Yes, data suggest that ADHD is largely genetic, with a heritability factor of approximately 7 percent. The rate of ADHD in parents and siblings of children with ADHD is 2 to 8 times greater than in the general population. First-degree biological relatives are at high risk for developing ADHD as well as other psychiatric disorders, including disruptive behavior disorders, anxiety disorders, and depressive disorders. Siblings of children with ADHD are also at higher risk for learning disorders and academic difficulties.
Yes. Higher rates of ADHD occur in children born prematurely and in children whose mothers have had maternal infections during pregnancy.
Pharmaceutical medications are considered the first line of treatment for ADHD. Central nervous system stimulants are the first choice since they have the greatest effect with generally mild side effects. Excellent safety records are documented for short- and sustained-release preparations of methylphenidate (Ritalin, Ritalin-SR, Concerta, Metadate CD, Metadate ER), dextroamphetamine (Dexedrine, Dexedrine Spansule, Vyvanse), and dextroamphetamine and amphetamine salt combinations (Adderall, Adderall XR).
Newer preparations of methylphenidate include Methylin, a chewable form; Daytrana, a methylphenidate path; and dexmethylphenidate, the D-enantiomer (Focalin), and its longer acting from Focalin XR. These newer preparations aim to maximize effects and minimize adverse effects. Vyvanse, approved by the FDA for children 6 years and older, is less likely to have risks of abuse or overdose.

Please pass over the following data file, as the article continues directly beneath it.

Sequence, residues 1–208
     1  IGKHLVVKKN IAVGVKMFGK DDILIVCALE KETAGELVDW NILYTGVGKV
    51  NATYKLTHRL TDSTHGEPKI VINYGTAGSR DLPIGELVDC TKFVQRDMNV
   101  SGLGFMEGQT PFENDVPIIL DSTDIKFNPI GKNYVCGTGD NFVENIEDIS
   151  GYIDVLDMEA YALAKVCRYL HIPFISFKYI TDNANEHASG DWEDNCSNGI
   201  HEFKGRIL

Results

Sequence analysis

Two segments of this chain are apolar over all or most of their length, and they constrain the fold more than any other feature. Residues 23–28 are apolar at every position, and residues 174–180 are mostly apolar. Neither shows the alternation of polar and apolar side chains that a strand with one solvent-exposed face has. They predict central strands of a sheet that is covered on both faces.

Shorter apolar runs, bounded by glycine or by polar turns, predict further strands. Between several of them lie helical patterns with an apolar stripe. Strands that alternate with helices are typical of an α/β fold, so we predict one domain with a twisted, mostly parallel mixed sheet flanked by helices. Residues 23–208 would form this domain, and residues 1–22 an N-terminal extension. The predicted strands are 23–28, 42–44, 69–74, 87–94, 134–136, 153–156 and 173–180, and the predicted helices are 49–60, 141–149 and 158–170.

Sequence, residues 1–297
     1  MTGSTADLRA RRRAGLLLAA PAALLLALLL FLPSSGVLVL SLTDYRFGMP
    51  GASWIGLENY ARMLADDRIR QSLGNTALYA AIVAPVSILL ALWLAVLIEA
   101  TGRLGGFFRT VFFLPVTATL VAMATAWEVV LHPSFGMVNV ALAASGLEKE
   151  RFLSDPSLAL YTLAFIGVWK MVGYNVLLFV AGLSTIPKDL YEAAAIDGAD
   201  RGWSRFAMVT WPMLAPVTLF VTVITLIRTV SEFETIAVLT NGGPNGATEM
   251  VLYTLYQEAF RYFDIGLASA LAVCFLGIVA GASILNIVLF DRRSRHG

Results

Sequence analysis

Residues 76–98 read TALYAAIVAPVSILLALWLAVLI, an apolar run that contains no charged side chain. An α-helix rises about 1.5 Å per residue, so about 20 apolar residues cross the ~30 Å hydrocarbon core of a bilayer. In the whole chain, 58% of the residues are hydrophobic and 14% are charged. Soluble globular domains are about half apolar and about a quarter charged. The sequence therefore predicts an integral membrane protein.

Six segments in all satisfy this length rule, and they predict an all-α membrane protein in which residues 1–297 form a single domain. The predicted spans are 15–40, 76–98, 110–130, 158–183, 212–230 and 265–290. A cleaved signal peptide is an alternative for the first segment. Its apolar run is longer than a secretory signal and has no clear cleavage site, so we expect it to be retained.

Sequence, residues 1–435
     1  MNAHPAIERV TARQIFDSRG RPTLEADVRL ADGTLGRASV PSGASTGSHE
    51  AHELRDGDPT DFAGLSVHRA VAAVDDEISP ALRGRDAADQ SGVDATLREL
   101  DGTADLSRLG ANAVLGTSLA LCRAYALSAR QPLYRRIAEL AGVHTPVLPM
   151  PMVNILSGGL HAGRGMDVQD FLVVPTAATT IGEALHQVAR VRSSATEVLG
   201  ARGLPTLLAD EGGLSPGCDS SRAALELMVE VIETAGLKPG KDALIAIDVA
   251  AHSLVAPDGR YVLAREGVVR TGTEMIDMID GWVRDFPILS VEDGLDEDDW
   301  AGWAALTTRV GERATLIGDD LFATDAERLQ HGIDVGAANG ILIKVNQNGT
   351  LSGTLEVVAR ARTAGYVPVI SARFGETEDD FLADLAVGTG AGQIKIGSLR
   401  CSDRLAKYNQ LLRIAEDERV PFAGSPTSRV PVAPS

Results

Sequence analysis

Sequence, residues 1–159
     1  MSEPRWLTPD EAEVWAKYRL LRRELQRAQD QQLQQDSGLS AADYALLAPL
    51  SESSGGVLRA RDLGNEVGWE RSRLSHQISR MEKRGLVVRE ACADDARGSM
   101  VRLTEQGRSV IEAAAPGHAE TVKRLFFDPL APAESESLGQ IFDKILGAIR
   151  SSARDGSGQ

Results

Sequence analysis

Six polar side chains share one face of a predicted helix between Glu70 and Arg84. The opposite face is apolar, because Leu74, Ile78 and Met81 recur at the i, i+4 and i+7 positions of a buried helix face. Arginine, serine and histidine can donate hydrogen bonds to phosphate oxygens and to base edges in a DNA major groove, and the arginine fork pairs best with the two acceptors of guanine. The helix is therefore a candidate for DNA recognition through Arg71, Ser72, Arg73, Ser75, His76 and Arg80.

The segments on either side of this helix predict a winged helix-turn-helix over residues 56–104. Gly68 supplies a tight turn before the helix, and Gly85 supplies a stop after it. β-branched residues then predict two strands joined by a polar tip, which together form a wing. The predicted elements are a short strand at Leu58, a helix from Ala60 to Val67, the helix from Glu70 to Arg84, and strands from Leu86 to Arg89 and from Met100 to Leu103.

Stimulants are contraindicated in children, adolescents, and adults with known cardiac risks and abnormalities.
Nonstimulant medications approved by the FDA for the treatment of ADHD include atomoxetine (Strattera), a norepinephrine uptake inhibitor that requires monitoring for potential increases in suicidal thoughts or behaviors. A-agonist including clonidine (Catapres) and guanfacine (Tenex) have also been found effective in treating ADHD. Antidepressants, such as bupropion (Wellbutrin, Wellbutrin SR) have been used with mixed success in the treatment of ADHD.
Psychotherapy and Counseling
Children with ADHD often benefit from behavior therapy, psychotherapy, social skills training, and parent skills training and counseling. These types of therapy may be provided by a psychiatrist, psychologist, social worker or other mental health professional. Some children with ADHD may also have other conditions such as an anxiety disorder or depression. In these cases, counseling may help both ADHD and the coexisting problem.
Counseling for adult ADHD generally includes psychotherapy, education about the disorder and learning skills to help one be successful. Cognitive behavioral therapy teaches specific skills to manage one’s behavior and change negative thinking patterns into positive ones.It can also an individual deal with life challenges, such as school, work or relationship problems, and help address other mental health conditions, such as depression or substance misuse.
Marital counseling and family therapy can help loved ones cope with the stress of living with someone who has ADHD and learn what they can do to help.